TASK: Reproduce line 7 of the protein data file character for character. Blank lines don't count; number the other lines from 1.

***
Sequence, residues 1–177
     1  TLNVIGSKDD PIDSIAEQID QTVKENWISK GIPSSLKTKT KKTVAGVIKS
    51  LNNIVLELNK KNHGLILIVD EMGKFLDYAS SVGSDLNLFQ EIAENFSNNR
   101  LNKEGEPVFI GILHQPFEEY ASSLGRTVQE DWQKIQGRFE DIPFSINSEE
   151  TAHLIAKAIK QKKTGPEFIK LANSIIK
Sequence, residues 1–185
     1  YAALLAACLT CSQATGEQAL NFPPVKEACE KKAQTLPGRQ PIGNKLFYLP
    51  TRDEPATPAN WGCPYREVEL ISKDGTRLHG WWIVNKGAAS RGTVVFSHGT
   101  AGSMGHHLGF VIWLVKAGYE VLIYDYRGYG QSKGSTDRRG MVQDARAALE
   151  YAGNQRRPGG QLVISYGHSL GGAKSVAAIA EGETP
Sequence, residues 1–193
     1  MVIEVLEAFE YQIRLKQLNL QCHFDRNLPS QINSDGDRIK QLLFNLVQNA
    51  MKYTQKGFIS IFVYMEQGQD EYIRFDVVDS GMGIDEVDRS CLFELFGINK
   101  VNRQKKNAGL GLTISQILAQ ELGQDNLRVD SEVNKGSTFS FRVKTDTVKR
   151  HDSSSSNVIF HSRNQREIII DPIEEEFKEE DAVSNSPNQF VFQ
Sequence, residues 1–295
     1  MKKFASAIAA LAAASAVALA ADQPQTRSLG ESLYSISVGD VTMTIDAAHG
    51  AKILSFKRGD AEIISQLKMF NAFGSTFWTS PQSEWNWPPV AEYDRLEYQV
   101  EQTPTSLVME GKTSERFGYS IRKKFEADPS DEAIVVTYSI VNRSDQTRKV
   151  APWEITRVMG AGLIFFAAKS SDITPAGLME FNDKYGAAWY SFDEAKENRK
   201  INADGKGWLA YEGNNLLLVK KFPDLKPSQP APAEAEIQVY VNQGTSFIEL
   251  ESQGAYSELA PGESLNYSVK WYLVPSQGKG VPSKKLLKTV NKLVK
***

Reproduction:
     1  YAALLAACLT CSQATGEQAL NFPPVKEACE KKAQTLPGRQ PIGNKLFYLP